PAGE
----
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Program targets young adults leaving foster care system

Wave Staff and Wire Reports

LOS ANGELES — A program intended to help Angelenos at risk of eviction with resources is being expanded to assist young adults leaving foster care, Mayor Karen Bass has announced.

We Are LA, operated by the Mayor’s Fund for Los Angeles — a nonprofit organization associated with City Hall — will now connect former foster youth with services related to employment, financial education and other areas.

The Mayor’s Fund will partner with Children’s Law Center of California and the RightWay Foundation for these services.

“Homelessness impacts people with experience in the foster care system at a disproportionate rate to their peers, which is why today’s announcement is so important,” Bass said July 8.

“The Mayor’s Fund’s We Are LA program is expanding again to serve young adults aging out of the foster care system. We know that we cannot solve this crisis with housing alone — we also need services tailored to the specific needs of those who want to come inside.

“These critical services and opportunities for stable housing for Angelenos leaving foster care will further our efforts to prevent people from falling into homelessness in the first place.”

When a foster youth turns 18 or 21, they are cut off from all support and left to fend for themselves, according to Bass’ office. At least 30% of former foster youth become homeless or incarcerated within two years of leaving the foster system.

“These young people are at risk of becoming chronically homeless, and we need to make sure they don’t,” Conway Collis, president and CEO of Mayor’s Fund for Los Angeles, said in a statement. “As a state, these are our children. We have to help them in the same way we help our own children and grandchildren.”

The We Are LA program connects Angelenos at risk of eviction with resources available to them and stay in their homes or other stable housing. Program caseworkers screen and connect participants to programs they already qualify for such as CalFresh, MediCal, child care assistance and earned tax credits.

Approximately 60% of the individuals and families in the program have received stable housing and many others are still working through the process, Bass’ office noted.

The We Are LA Children and Youth program will extend this same model to youth exiting foster care, pairing each young person aging out of the system with a trained caseworker who has been in the foster care system themselves to connect them to available resources and to help them secure housing.

“Through ongoing resources and case management, young people will have the safety net and support we all need to be prepared for the inevitable but still unanticipated bumps in the road and curveballs that life may throw our way,” said Leslie Starr, executive director of the Children’s Law Center of California.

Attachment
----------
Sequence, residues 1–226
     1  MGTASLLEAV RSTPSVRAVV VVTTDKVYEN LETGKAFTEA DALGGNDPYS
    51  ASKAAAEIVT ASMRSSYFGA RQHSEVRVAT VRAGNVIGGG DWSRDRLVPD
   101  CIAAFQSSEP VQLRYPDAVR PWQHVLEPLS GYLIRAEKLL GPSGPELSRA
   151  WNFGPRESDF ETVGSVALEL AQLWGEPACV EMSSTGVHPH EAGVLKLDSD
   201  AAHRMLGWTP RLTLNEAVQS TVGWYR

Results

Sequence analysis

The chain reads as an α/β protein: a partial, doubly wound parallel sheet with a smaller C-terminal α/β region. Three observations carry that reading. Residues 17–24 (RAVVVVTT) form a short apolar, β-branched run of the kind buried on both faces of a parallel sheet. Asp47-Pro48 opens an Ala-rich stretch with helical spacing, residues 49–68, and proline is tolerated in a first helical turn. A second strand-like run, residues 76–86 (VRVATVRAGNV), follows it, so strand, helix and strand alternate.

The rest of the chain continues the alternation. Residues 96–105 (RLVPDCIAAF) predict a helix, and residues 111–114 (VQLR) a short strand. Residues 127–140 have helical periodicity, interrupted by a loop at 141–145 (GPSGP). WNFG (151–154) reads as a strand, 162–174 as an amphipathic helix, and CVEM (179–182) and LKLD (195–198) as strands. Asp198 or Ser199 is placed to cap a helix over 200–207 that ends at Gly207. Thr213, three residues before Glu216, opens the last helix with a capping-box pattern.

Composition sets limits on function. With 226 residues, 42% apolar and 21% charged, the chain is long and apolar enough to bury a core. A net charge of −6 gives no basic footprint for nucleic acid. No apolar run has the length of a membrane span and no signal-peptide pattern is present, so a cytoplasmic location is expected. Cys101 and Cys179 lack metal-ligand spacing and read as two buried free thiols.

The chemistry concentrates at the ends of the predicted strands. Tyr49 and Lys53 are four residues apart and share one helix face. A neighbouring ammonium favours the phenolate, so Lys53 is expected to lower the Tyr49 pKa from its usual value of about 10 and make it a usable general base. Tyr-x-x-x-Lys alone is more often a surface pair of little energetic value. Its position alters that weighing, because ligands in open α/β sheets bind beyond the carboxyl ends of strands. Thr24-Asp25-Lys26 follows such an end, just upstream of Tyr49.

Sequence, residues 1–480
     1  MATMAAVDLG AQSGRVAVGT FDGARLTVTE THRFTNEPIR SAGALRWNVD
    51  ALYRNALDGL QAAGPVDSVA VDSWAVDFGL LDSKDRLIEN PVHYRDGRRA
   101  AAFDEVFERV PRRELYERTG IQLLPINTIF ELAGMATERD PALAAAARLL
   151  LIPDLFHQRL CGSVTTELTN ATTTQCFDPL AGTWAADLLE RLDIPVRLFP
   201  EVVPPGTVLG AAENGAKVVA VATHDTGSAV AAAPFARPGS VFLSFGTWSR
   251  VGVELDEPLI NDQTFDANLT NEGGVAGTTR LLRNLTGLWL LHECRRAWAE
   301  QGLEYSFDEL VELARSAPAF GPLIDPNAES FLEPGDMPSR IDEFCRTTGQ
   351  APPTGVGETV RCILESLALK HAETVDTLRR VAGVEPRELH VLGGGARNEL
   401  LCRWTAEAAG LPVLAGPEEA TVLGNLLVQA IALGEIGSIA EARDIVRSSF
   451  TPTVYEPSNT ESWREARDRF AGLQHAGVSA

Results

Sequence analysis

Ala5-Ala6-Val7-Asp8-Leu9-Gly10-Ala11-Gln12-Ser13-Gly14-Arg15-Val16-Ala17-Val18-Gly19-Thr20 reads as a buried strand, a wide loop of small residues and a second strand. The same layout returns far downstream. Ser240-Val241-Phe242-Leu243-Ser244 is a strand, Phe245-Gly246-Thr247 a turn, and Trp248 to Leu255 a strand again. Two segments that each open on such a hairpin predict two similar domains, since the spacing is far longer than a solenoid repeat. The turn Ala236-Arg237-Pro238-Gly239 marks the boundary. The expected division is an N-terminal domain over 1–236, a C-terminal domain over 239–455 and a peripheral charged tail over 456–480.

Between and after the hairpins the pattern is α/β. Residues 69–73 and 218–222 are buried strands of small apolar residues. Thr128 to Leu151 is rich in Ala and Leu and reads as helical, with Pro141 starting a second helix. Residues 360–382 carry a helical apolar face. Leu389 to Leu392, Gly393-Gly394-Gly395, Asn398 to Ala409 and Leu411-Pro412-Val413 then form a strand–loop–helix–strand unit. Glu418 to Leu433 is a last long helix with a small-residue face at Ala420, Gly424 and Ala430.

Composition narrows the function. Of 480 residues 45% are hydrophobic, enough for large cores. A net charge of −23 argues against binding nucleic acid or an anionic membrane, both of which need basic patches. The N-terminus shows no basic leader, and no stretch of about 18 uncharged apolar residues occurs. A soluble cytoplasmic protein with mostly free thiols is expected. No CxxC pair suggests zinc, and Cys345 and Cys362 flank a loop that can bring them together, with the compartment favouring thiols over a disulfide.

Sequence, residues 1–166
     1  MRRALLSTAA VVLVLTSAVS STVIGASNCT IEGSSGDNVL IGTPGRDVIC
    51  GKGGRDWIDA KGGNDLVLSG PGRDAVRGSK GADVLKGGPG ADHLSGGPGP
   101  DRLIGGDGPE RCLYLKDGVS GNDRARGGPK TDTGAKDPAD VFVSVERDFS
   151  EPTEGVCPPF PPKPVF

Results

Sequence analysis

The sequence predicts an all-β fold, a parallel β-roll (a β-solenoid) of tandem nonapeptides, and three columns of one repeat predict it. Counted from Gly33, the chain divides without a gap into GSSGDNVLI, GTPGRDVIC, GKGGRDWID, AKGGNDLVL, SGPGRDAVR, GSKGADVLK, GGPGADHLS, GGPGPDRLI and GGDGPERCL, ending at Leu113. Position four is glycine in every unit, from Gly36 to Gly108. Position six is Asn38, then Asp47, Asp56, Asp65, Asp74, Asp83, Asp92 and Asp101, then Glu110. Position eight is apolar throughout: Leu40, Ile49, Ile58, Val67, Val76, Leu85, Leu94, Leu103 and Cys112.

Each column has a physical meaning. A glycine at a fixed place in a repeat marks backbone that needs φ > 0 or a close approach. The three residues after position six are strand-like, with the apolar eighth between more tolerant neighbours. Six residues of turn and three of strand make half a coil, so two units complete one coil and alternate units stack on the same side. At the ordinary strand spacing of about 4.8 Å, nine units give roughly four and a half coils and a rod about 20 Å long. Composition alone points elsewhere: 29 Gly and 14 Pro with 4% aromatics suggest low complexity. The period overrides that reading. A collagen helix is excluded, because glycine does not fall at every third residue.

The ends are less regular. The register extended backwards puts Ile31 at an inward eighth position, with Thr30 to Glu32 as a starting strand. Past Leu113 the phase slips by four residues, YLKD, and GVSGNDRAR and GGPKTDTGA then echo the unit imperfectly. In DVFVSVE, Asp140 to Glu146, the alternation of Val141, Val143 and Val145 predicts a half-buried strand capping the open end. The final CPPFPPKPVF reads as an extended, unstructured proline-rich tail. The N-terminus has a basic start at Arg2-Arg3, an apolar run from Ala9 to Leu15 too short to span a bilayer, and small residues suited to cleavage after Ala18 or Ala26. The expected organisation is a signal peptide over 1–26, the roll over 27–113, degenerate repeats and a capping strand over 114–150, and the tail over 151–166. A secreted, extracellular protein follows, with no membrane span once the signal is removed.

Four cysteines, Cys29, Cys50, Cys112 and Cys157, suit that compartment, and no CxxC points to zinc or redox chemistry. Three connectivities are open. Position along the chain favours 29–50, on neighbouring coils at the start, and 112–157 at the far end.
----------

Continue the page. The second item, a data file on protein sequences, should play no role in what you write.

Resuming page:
Annissa Jimenez, a caseworker at the RightWay Foundation, shared her experience of being homeless after leaving the foster care system. She went five years without permanent housing until she received help at RightWay. 

“Leaving foster care is hard,” Jimenez said. “Being in foster care is hard, too. It doesn’t prepare you to live on your own. What we’re doing here is so important: helping young people find housing, jobs, and the other assistance they need to move into stable, healthy adult lives.”

“It wasn’t until I was housed that I could finish high school — which was one of my first accomplishments — get a job, keep a job and get a car,” said Mercedes Jackson, a client of the National Foster Youth Institute. “I started to feel really good about myself. It’s amazing how being housed can help all of these other areas that don’t seem connected to housing and even helps with your mental health.”

To address homelessness generally, Los Angeles is working to confront the policies that lead to causes of homelessness within the child welfare system, the criminal justice system, the mental health and addiction treatment system, and more.

The Mayor’s Fund for Los Angeles brings together business, philanthropy, the nonprofit sector and local government to address the most urgent needs of all Angelenos. We Are LA connects Angelenos at risk of eviction with resources available to help them stay in their homes or otherwise stabilize their housing. 

Approximately 60% of the individuals and families the program has served report stable housing, with many others still working through the process.

Photo by Lorenzo Gomez

       
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